they stumble and perish before your presence.
For you have maintained my just cause;
    you have sat on the throne, giving righteous judgment.

You have rebuked the nations; you have made the wicked perish;
    you have blotted out their name forever and ever.
The enemy came to an end in everlasting ruins;
    their cities you rooted out;
    the very memory of them has perished (Psalm 9:1-6, ESV).

Notice all the “haves” in this first section of the psalm? David views God’s deliverance as something already accomplished. The nations, the enemy, and the cities are gone. Those who are evil on national, personal, and civic levels have been so completely destroyed that even the very memory of them has perished. In contrast, God has upheld the just cause of the righteous.

The Lord’s eternal throne of justice has been established forever. He never forsakes those who take refuge in him: 

But the Lord sits enthroned forever;
    he has established his throne for justice,
and he judges the world with righteousness;
    he judges the peoples with uprightness.

The Lord is a stronghold for the oppressed,
    a stronghold in times of trouble.
And those who know your name put their trust in you,
    for you, O Lord, have not forsaken those who seek you (Psalm 9:7-10, ESV).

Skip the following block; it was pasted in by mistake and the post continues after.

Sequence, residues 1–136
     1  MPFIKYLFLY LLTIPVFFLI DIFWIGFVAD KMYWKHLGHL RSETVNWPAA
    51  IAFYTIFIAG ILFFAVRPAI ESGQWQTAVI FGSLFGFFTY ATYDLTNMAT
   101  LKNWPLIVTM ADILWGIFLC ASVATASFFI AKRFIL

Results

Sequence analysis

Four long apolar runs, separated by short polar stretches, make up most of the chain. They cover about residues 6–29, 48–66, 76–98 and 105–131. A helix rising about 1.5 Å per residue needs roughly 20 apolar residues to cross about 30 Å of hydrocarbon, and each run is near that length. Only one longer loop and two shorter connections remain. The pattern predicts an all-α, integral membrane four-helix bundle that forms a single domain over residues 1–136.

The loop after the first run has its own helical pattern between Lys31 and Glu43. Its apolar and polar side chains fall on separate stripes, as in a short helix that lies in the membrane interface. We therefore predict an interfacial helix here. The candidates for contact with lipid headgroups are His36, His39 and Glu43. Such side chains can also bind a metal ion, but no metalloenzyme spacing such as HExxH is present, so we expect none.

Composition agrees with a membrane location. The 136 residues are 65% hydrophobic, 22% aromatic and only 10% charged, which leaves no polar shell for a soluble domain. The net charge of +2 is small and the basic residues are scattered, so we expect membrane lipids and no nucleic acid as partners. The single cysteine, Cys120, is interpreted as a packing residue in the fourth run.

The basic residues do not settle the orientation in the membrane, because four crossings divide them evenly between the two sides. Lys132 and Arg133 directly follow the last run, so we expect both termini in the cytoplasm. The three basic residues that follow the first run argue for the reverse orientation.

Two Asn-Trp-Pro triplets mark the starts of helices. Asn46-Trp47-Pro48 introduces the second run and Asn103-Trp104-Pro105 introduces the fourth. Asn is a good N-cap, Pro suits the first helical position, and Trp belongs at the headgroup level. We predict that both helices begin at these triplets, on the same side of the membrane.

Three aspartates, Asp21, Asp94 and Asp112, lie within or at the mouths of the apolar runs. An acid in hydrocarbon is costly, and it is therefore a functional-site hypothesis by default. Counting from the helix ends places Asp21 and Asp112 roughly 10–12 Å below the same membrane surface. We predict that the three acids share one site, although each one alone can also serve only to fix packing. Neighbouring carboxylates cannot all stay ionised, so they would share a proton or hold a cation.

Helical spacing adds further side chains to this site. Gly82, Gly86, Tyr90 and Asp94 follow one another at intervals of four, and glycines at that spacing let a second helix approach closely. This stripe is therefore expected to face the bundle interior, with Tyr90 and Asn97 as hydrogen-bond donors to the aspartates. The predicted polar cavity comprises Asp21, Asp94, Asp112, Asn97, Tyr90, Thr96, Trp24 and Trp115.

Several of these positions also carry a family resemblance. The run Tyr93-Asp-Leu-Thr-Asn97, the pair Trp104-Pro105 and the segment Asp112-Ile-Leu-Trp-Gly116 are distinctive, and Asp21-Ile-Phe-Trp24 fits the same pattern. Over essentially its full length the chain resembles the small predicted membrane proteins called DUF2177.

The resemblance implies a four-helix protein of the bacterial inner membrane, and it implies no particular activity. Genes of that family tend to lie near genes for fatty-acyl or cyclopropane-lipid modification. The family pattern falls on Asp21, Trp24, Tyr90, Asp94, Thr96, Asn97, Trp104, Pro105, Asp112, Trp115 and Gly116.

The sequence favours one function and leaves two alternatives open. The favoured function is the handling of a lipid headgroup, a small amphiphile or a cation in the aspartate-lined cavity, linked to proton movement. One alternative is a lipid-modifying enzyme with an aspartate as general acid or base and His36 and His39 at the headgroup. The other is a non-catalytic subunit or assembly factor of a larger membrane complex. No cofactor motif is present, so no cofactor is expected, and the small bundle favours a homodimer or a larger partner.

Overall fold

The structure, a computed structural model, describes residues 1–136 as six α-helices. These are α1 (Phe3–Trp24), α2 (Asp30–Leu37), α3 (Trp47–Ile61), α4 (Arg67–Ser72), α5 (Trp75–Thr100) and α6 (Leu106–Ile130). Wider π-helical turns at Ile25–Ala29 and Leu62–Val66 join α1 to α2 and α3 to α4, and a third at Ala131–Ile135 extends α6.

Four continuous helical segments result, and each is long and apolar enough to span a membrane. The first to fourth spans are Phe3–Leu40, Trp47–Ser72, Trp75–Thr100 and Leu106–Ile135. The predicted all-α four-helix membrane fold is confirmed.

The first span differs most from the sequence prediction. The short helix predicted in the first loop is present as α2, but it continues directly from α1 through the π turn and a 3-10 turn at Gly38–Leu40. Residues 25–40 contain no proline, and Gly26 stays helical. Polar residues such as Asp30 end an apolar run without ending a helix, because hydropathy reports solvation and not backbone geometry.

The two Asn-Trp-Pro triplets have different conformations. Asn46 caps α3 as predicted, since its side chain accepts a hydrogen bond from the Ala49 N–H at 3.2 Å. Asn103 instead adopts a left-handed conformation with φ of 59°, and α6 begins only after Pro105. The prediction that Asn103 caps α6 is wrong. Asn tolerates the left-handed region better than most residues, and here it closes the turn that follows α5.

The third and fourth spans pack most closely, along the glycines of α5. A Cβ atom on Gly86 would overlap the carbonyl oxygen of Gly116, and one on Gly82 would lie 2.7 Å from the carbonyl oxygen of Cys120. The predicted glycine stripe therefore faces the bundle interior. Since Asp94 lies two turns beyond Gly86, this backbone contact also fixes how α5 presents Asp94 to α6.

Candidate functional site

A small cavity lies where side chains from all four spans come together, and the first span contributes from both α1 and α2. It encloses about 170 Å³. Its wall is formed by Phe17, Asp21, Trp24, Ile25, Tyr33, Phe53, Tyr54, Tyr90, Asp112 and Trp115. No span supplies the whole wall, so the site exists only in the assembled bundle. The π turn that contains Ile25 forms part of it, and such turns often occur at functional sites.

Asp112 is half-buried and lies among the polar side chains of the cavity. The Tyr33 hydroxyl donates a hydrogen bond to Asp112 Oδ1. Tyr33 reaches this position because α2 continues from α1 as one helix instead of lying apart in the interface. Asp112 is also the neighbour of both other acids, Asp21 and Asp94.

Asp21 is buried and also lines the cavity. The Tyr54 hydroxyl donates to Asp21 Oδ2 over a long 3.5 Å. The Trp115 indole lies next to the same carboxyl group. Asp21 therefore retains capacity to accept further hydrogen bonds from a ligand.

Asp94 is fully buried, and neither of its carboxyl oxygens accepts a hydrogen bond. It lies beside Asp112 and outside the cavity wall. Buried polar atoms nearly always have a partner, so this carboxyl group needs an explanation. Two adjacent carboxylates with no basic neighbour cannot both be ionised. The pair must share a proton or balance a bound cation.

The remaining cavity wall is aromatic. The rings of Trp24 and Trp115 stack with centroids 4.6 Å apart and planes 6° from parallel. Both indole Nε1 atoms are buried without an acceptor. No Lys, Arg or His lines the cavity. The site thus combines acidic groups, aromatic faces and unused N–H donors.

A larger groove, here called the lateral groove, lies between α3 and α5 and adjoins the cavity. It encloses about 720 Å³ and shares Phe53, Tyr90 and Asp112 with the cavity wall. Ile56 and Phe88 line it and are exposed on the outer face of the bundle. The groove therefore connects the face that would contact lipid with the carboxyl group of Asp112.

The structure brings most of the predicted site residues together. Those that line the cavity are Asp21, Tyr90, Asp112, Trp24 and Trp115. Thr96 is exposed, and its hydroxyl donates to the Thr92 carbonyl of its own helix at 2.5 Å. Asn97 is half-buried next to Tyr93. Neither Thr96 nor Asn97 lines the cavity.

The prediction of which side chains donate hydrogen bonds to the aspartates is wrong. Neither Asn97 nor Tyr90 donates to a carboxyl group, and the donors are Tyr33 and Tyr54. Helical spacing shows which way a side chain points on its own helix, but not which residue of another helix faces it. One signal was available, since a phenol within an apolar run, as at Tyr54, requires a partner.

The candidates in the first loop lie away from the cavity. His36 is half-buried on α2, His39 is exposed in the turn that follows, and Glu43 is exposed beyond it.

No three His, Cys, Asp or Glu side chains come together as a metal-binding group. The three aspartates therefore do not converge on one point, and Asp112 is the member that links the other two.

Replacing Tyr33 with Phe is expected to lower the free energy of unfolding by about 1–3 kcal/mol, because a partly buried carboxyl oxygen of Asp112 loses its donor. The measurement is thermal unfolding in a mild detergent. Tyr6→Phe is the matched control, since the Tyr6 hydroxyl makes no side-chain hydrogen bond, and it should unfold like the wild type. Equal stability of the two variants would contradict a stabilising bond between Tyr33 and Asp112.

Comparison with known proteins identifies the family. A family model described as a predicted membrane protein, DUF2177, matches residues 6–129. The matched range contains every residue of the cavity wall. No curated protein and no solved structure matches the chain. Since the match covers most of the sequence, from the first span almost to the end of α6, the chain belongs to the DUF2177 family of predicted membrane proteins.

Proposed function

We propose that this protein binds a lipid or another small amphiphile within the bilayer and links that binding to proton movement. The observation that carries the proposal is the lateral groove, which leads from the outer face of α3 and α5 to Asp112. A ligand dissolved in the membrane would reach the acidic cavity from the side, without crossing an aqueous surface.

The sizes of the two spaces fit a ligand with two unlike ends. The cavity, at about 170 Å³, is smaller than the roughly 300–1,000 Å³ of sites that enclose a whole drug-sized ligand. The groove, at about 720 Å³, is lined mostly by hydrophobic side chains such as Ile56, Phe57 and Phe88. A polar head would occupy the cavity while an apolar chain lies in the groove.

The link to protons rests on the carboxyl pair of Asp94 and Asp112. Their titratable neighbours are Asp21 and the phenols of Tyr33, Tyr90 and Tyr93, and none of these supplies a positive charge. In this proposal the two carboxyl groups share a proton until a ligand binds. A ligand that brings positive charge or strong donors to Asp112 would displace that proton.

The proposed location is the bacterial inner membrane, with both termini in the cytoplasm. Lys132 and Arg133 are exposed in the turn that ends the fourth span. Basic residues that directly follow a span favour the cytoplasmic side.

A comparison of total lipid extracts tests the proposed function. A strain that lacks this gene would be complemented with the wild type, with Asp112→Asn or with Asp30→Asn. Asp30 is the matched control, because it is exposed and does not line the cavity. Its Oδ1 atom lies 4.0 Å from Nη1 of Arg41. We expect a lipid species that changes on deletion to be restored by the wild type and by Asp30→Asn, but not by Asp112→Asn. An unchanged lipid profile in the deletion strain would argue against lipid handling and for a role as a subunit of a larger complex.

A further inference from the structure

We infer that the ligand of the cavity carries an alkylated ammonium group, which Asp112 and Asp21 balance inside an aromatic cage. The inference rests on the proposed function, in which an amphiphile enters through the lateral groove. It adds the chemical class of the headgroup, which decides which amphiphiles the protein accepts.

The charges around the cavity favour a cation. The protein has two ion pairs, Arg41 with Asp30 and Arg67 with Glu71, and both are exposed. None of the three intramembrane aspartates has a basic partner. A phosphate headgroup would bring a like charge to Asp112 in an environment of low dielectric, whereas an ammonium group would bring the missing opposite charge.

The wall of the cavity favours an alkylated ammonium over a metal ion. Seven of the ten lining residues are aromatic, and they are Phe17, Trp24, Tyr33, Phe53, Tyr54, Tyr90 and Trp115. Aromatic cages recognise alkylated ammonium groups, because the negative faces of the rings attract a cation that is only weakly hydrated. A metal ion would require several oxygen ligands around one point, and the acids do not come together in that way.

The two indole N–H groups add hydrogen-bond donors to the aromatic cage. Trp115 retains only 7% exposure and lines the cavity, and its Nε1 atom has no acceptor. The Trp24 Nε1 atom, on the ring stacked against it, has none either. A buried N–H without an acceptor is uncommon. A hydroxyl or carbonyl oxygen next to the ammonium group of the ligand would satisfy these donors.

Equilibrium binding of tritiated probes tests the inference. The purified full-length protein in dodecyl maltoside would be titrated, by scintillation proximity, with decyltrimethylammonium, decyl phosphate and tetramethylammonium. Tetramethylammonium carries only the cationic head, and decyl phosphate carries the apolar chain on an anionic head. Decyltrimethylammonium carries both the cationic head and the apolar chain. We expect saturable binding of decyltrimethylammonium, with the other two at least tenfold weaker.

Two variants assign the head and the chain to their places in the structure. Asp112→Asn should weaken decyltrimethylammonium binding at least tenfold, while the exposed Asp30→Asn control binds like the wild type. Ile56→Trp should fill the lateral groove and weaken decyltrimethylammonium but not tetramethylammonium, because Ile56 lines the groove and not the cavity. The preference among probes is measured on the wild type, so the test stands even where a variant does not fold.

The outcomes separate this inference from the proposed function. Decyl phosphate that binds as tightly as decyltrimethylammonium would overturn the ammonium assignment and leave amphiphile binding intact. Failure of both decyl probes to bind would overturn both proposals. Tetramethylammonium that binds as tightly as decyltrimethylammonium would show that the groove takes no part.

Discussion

God is the believer’s sure stronghold and the world’s righteous judge. He delivers those who trust in him, but they must respond to that deliverance appropriately:

Sing praises to the Lord, who sits enthroned in Zion!
    Tell among the peoples his deeds!
For he who avenges blood is mindful of them;
    he does not forget the cry of the afflicted.

Be gracious to me, O Lord!
    See my affliction from those who hate me,
    O you who lift me up from the gates of death,
that I may recount all your praises,
    that in the gates of the daughter of Zion
    I may rejoice in your salvation (Psalm 9:11-14, ESV).

God does not forget the cry of the afflicted. When he delivers us, we literally ought to sing his praises and tell his deeds among the peoples. We should recount God’s praises and rejoice in his salvation in corporate worship as well as in the public square.

In verses 15 and 16, David reiterates the accomplished character of God’s deliverance: 

The nations have sunk in the pit that they made;
    in the net that they hid, their own foot has been caught.
The Lord has made himself known; he has executed judgment;
    the wicked are snared in the work of their own hands. Higgaion. Selah

David uses the past tense to describe God’s actions. Then he moves to present tense by writing that the wicked “are snared” in their own work. God’s deliverance is sure. He has performed it in the past, he does it today, and he will surely deliver his people in the future: